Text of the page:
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On Pennsylvania Being “In Play”

Tonight on MSNBC with David Shuster, I referred to Pennsylvania as being “in play”. I’ve also implied similar things in the polling threads over the past couple of days. Since we are showing John McCain as having only about a 2% chance to win Pennsylvania, I’ve had a couple of readers write in to ask whether I’m contradicting myself. Certainly we would not ordinarily refer to a state as “in play” when one of the candidates trails by 6 to 10 points, and there but a few days to go until the election.

What I want to make clear is that whenever I refer to Pennsylvania as being “in play”, you should imagine those little quotation marks around my words. You should also imagine that I’m speaking in the conditional tense. Were the national race to tighten by 5 points or so, then Pennsylvania might actually be in play, rather than being “in play”. (Actually, that might have been the subjunctive rather than the conditional, but never mind). We’re very focused on those scenarios wherein the national race does in fact tighten substantially, because those are the only scenarios wherein John McCain can win.

What Pennsylvania isn’t going to do — at least I don’t think — is move 5 or 6 or 7 points to the McCain side while everything else stays put. It’s a pretty middle-of-the-road state, with its share of big cities and small towns and rural areas and everything in between (this is why it’s a swing state in the first place). An idiosyncratic state like West Virgina or New Mexico might occasionally come completely untethered from the national trends, but Pennsylvania is not very likely to. Nor is it the sort of state that’s likely to catch anybody surprise (unless Obama supporters are dumb enough to become complacent). It’s a big, Democratic machine state, and one where Obama has 78 field offices open, many of which have been open since the primary in April.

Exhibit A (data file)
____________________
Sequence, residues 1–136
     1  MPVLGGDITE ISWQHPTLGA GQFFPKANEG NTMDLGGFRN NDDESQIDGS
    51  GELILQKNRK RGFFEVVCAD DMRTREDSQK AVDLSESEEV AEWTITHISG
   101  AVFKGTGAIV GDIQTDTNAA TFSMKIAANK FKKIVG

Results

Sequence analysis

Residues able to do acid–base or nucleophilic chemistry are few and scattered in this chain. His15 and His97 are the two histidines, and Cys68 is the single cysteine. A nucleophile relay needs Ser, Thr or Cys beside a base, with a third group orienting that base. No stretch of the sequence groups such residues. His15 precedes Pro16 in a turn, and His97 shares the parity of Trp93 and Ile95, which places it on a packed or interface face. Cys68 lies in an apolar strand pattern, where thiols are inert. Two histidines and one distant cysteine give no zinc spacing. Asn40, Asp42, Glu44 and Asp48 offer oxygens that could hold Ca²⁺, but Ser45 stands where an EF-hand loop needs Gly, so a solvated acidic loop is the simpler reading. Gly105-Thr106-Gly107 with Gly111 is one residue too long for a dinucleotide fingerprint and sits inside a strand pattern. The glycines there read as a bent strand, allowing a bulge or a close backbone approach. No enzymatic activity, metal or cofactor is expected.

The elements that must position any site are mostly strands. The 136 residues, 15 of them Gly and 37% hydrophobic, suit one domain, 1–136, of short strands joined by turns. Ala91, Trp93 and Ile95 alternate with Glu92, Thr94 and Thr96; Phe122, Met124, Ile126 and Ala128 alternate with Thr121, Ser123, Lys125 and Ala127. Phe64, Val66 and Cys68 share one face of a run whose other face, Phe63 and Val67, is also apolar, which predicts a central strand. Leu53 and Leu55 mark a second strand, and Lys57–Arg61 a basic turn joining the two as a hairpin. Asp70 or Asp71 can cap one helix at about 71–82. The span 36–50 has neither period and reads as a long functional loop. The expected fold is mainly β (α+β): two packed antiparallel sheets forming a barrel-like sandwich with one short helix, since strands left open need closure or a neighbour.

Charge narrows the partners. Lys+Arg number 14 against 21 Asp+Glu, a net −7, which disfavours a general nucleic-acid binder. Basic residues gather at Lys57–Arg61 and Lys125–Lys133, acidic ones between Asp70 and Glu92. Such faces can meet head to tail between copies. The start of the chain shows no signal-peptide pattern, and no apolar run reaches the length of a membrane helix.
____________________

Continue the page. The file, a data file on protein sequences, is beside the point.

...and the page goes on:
Pennsylvania has at various times this year ranged from about 2 points behind Obama’s national numbers to 5 points ahead of them. If Obama is at about a +7 nationally, I’d expect him so be somewhere between a +5 and a +12 in PA … that’s about the range permissible by its demographics. Anything outside of that range, and I’d tend to think that the poll in question is an outlier.

Nate Silver founded and was the editor in chief of FiveThirtyEight.